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The RosetteSep™ Human Monocyte Depletion Cocktail is designed to deplete monocytes from whole blood. Unwanted cells are targeted for removal with Tetrameric Antibody Complexes recognizing CD36 and glycophorin A on red blood cells (RBCs). When centrifuged over a buoyant density medium such as Lymphoprep™ (Catalog #07801), the unwanted cells pellet along with the RBCs. The monocyte depleted fraction is present as a highly enriched population at the interface between the plasma and the buoyant density medium.
• Fast and easy-to-use
• Requires no special equipment or training
• Untouched, viable cells
• Can be combined with SepMate™ for consistent, high-throughput sample processing
RosetteSep™ Human Monocyte Depletion Cocktail (Catalog #15628)
RosetteSep™ Human Monocyte Depletion Cocktail, 2 mL
RosetteSep™ Human Monocyte Depletion Cocktail (Catalog #15668)
RosetteSep™ Human Monocyte Depletion Cocktail, 5 x 2 mL
How to Isolate PBMCs from Whole Blood Using the SepMate™ PBMC Isolation Tubes: 15-Minute Protocol
Isolate Highly Purified Cells for HLA Analysis with RosetteSep™ Immunodensity Cell Isolation
Frequently Asked Question
What is RosetteSep™?
RosetteSep™ is a rapid cell separation procedure for the isolation of purified cells directly from whole blood, without columns or magnets.
How does RosetteSep™ work?
The antibody cocktail crosslinks unwanted cells to red blood cells (RBCs), forming rosettes. The unwanted cells then pellet with the free RBCs when centrifuged over a density centrifugation medium (e.g. Ficoll-Paque™ PLUS, Lymphoprep™).
What factors affect cell recovery?
The temperature of the reagents can affect cell recovery. All reagents should be at room temperature (sample, density centrifugation medium, PBS, centrifuge) before performing the isolations. Layering can also affect recovery so be sure to carefully layer the sample to avoid mixing with the density centrifugation medium as much as possible. Be sure to collect the entire enriched culture without disturbing the RBC pellet. A small amount of density centrifugation medium can be collected without worry.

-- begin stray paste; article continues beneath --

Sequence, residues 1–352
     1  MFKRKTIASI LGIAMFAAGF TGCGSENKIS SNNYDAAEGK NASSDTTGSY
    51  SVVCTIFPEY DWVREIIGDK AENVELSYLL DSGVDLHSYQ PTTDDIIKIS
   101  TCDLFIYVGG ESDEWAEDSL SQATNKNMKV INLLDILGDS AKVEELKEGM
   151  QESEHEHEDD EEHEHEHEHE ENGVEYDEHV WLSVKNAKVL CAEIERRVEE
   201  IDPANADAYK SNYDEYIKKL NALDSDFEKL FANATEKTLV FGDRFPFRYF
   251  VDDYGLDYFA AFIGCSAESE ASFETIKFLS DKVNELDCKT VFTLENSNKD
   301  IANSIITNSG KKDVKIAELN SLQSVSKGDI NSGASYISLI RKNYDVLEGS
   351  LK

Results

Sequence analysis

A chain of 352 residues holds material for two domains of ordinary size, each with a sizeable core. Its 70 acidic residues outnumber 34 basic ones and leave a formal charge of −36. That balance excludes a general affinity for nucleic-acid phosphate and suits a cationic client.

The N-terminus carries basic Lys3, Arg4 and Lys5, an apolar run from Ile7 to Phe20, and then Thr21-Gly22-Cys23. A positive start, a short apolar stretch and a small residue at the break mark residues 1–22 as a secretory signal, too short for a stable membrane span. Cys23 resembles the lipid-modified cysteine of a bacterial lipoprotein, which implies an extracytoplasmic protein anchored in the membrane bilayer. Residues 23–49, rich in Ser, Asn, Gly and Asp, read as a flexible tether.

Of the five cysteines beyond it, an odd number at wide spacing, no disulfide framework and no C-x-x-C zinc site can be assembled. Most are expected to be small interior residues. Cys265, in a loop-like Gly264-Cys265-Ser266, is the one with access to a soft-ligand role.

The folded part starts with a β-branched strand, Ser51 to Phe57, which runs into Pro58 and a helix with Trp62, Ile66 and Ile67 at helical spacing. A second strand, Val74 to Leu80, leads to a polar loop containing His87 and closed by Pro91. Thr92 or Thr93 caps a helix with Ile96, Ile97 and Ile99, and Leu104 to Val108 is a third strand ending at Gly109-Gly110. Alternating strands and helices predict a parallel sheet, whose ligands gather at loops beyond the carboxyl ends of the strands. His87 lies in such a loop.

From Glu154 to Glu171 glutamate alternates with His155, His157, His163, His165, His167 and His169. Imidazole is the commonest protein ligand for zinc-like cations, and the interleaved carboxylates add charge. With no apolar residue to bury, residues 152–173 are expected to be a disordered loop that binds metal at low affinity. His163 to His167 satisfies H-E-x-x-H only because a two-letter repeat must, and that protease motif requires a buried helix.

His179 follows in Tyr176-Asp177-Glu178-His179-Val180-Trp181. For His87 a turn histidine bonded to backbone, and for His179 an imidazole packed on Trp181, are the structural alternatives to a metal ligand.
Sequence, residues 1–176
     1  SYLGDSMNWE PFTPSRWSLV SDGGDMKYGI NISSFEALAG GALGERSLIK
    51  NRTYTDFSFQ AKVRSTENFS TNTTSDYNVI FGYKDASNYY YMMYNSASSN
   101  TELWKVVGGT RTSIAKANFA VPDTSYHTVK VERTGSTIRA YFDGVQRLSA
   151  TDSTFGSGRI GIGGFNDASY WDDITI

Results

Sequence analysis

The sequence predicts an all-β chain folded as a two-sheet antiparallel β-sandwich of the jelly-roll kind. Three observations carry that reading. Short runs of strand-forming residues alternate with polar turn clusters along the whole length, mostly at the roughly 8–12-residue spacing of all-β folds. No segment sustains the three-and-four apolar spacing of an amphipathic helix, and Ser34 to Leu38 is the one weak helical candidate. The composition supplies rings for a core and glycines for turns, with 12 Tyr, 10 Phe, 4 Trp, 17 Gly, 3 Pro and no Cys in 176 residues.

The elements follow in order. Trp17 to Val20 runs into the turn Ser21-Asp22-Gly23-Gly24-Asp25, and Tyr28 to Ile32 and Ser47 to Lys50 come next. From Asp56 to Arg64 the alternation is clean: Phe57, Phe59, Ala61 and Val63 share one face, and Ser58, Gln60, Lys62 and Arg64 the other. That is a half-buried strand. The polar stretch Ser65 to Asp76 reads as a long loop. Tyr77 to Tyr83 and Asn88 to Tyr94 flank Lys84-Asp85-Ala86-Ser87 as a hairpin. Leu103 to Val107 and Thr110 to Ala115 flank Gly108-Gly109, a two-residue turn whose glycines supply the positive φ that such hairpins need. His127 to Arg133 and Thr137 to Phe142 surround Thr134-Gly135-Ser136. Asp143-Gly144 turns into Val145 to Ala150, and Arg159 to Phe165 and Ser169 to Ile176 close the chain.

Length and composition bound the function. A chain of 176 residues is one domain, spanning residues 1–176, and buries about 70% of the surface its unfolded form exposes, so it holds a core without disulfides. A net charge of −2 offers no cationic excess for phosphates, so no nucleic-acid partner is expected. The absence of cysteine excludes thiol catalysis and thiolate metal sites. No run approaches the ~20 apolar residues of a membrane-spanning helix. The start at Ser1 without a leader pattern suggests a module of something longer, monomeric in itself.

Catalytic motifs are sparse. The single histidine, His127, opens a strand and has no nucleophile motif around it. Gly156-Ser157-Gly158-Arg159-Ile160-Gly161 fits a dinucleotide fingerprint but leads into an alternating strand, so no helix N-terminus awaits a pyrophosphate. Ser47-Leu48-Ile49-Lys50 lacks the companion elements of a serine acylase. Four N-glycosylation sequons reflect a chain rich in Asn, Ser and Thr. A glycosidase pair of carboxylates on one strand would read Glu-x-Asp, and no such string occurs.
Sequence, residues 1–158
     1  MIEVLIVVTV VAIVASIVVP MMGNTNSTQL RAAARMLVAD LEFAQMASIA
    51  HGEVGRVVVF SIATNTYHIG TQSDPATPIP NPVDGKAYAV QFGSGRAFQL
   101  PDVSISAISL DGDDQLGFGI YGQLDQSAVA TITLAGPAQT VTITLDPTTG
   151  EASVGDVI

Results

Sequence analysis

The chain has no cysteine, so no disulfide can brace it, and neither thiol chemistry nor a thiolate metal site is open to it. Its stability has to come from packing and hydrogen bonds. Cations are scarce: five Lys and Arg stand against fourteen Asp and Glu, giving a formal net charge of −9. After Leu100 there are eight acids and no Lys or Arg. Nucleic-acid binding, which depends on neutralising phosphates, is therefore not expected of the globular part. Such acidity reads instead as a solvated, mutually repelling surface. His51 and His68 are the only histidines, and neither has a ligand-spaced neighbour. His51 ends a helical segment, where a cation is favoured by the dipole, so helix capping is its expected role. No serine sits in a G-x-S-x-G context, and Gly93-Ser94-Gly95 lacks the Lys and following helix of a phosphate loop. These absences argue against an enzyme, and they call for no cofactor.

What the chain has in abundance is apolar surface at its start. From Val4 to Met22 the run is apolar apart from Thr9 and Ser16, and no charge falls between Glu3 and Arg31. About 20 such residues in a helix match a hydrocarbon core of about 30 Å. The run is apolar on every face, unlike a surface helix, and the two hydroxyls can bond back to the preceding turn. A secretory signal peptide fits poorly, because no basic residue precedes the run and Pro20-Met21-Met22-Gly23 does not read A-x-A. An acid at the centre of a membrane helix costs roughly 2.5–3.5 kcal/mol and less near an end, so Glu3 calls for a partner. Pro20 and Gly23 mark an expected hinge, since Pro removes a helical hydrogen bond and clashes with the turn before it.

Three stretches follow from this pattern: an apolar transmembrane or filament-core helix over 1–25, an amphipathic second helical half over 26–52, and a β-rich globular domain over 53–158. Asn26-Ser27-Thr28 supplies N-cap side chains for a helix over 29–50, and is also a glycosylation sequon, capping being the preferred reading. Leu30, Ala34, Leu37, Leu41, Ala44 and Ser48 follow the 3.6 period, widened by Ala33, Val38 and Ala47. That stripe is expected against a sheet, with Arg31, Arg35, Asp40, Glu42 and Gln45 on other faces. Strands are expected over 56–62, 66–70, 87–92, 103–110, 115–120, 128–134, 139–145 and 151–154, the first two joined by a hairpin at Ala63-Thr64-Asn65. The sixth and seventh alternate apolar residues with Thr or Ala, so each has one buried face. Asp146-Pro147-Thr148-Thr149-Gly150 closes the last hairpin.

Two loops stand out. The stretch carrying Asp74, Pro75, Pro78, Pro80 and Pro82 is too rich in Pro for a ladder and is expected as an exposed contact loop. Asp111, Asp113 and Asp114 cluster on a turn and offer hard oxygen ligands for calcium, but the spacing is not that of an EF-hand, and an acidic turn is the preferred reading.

Which cell samples can RosetteSep™ be used with?
RosetteSep™ can be used with leukapheresis samples, bone marrow or buffy coat, as long as: the concentration of cells does not exceed 5 x 107 per mL (can dilute if necessary); and there are at least 100 RBCs for every nucleated cell (RBCs can be added if necessary).
Can RosetteSep™ be used with previously frozen or cultured cells?
Yes. Cells should be re-suspended at 2 - 5 x 107 cells / mL in PBS + 2% FBS. Fresh whole blood should be added at 250 µL per mL of sample, as a source of red cells.
Can RosetteSep™ be used to enrich progenitors from cord blood?
Yes. Sometimes cord blood contains immature nucleated red cells that have a lower density than mature RBCs. These immature red cells do not pellet over Ficoll™, which can lead to a higher RBC contamination than peripheral blood separations.
Does RosetteSep™ work with mouse cells?
No, but we have developed EasySep™, a magnetic-based cell isolation system which works with mouse and other non-human species.
Which anticoagulant should be used with RosetteSep™?
Peripheral blood should be collected in heparinized Vacutainers. Cord blood should be collected in ACD.
Should the anticoagulant be washed off before using RosetteSep™?
No, the antibody cocktail can be added directly to the sample.
This product is designed for use in the following research area(s) as part of the highlighted workflow stage(s). Explore these workflows to learn more about the other products we offer to support each research area.
Figure 1. FACS Profile Results Using RosetteSep™ Human CD36+ Cells Depletion Cocktail
Journal of medicinal chemistry 2019 dec
Enzymatic Preparation of 2'-5',3'-5'-Cyclic Dinucleotides, Their Binding Properties to Stimulator of Interferon Genes Adaptor Protein, and Structure/Activity Correlations.
B. Novotn\'a et al.